When Porsche unveiled what was then called the 901 at the 1963 IAA Auto Show in Frankfurt, Germany, there was no way of knowing that half a century later, not only would the model survive, but it would become a cherished automotive icon.
The original 911, renamed after Peugeot claimed it had exclusive use of the numeral "0" in the middle of model numbers, came from fairly humble roots. Designed to replace the venerable Porsche 356, the original 911 made just 128 horsepower from its air-cooled six-cylinder engine and had a top speed of 131 mph.
Since then, the Porsche 911 has evolved through seven distinct generations and gone on to become the most successful sports car ever made, with sales of more than 820,000 units since its inception.
Not surprisingly, Porsche is hosting a series of events to celebrate the 911's 50th birthday.
The first was a visit to Paris and February's Salon Retromobile auto show - always one of the more interesting events of the year - where a vintage 1963 Porsche 911 was put on display.
Porsche will also send a 1967 model 911 to a total of five continents, with stops scheduled for Geneva, Switzerland, Shanghai, China, Sao Paolo, Brazil, Melbourne, Australia, Pebble Beach, Calif., and Los Angeles, among other locales.
In March, at the 2013 Retro Classics Stuttgart show in Germany, four 911-related models were on display: one of the first 911 Turbo coupes; a 1981 911 Cabriolet concept car; a 1997 911 GT1 supercar; and the fabled Type 754 T7, which was the chassis Ferdinand Porsche used to develop the original 911.
The Porsche Museum in Stuttgart will celebrate "50 Years of the Porsche 911" from June 4 to Sept. 29. There will be a special edition book to go with it.
Closer to home, the 911 will also be celebrated in the United States.
On March 8, the Amelia Island Concours d'Elegance (Florida) hosted "The 911 Porsche Seminar: Porsche's Flagship at 50." The event included some names with true star power, including Hurley Haywood, who drove Porsches to victory three times in the French 24 Hours of Le Mans endurance race and five times in the Rolex 24 at Daytona endurance event.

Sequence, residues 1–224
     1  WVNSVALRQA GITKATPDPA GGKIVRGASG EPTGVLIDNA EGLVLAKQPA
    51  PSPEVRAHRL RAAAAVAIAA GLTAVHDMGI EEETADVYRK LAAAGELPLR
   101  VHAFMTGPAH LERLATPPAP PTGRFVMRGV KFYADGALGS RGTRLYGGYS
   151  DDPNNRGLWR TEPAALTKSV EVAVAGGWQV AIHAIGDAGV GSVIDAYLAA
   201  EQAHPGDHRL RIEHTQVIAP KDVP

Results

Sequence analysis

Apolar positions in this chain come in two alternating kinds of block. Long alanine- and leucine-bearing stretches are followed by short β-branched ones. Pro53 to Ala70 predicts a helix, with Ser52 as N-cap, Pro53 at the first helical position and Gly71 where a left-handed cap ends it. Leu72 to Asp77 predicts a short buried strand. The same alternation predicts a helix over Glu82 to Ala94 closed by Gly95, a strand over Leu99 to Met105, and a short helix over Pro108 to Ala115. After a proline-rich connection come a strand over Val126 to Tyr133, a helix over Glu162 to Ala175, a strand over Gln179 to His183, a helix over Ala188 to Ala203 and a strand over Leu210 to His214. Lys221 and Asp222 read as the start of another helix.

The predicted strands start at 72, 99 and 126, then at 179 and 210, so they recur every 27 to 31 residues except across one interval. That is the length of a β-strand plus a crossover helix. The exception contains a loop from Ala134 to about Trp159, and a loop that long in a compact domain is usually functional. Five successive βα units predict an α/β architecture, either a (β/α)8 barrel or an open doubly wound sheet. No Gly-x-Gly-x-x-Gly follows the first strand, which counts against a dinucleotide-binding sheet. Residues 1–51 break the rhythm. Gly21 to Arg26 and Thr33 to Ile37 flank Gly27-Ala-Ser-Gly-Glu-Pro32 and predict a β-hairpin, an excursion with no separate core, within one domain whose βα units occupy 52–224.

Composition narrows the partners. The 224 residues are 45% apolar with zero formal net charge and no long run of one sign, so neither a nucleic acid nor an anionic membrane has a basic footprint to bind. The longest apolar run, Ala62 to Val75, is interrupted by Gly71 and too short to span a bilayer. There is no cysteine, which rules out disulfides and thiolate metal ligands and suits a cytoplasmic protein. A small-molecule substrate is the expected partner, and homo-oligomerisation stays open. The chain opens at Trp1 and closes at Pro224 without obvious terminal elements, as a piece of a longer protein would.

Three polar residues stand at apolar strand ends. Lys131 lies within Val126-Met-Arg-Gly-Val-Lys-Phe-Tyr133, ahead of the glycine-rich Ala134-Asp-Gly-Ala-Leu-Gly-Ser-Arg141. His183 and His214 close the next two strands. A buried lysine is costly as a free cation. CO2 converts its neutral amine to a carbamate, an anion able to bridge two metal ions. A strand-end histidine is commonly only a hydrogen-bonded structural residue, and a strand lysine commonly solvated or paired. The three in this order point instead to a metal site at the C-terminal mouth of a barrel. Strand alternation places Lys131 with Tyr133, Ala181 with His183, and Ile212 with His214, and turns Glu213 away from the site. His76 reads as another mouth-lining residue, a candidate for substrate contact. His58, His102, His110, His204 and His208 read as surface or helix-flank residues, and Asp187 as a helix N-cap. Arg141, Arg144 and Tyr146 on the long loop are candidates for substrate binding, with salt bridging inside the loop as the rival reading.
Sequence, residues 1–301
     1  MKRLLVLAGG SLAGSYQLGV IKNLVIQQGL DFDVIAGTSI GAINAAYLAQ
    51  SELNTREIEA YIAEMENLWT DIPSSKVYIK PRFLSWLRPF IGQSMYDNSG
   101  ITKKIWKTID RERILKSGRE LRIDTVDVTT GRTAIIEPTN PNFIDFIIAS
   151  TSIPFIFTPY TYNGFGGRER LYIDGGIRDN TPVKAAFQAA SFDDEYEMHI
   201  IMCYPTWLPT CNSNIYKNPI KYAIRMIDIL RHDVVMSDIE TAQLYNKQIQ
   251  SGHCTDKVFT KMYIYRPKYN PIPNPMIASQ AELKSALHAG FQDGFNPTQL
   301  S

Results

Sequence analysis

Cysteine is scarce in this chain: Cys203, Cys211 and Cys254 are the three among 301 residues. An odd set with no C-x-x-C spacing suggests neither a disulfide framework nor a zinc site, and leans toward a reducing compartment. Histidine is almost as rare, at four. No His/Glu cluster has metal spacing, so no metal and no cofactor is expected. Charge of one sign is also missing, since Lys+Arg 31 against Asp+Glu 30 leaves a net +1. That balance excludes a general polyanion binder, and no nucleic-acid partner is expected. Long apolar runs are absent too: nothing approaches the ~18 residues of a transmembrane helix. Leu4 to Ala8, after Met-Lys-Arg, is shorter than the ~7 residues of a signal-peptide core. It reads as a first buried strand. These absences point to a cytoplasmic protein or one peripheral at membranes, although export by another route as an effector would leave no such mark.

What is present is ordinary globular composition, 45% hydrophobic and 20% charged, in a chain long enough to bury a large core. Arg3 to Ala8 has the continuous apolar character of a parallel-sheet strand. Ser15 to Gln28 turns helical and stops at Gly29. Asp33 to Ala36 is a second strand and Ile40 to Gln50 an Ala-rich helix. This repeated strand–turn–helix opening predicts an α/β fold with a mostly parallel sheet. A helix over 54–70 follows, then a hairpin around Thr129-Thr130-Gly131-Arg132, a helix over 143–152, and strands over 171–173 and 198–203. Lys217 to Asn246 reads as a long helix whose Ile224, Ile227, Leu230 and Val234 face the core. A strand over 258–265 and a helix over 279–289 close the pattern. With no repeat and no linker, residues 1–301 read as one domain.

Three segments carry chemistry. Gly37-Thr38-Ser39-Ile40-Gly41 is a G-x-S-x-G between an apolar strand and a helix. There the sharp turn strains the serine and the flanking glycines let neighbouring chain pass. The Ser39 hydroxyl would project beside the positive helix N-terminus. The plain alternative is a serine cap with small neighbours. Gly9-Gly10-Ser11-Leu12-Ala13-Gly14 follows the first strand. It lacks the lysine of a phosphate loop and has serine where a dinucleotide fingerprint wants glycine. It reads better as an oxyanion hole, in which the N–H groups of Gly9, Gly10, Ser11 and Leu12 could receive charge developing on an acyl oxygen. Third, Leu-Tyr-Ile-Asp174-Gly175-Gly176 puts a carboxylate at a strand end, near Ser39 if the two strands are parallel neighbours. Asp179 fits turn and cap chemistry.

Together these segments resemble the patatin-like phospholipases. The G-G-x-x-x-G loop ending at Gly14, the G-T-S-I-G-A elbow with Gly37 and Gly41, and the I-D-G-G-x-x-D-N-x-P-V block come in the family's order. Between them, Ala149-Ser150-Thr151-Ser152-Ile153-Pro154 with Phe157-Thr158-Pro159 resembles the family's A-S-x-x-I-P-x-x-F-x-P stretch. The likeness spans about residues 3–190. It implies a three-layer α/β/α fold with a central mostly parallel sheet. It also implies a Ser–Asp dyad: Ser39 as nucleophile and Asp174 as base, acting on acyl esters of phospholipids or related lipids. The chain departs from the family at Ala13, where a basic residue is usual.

Also on the bill were former Porsche racers Vic Elford and Brian Redman, as well as former Porsche Auto Group CEO Peter Schultz and Porsche designer Harm Lagaaij.
"The Porsche 911 is one of those classic shapes, instantly recognizable from any angle, in any light and at any speed," said Amelia Concours founder and Chairman Bill Warner. "I've owned and driven 911s for decades. Visually and dynamically, there is no other car like the 911. It is the car that made Porsche. It's more than Porsche's flagship, it's the heart and soul of the company and one of the most desirable automobiles in the 127-year history of the automobile."
The prestigious Pebble Beach Concours d'Elegance in Northern California will include the 911 as one of its judging classes this year.
"Only very rarely does a model that is celebrating its 50th anniversary have the ongoing ability to raise genuine excitement over its latest offerings in the showroom and to score record-setting victories on the racecourse," Pebble Beach officials wrote in naming the 911 as one of its classes. "But the Porsche 911 does exactly that. The Concours is pairing with the Porsche Museum to exhibit some of the cars that have made this model iconic."
Of course, one big question remains unanswered: What exactly will the inevitable 50th Anniversary special edition Porsche 911 include? And the answer to that question is still very much up in the air, or perhaps more correctly has not been made public as of yet.
Ten years ago, Porsche built 1,963 40th anniversary models, all with custom metallic silver paint, lowered ride height, special exhaust system, hopped-up engine and limited-edition accents.
Expect something special for the 50th anniversary as well, with Porsche likely to pull out all the stops.
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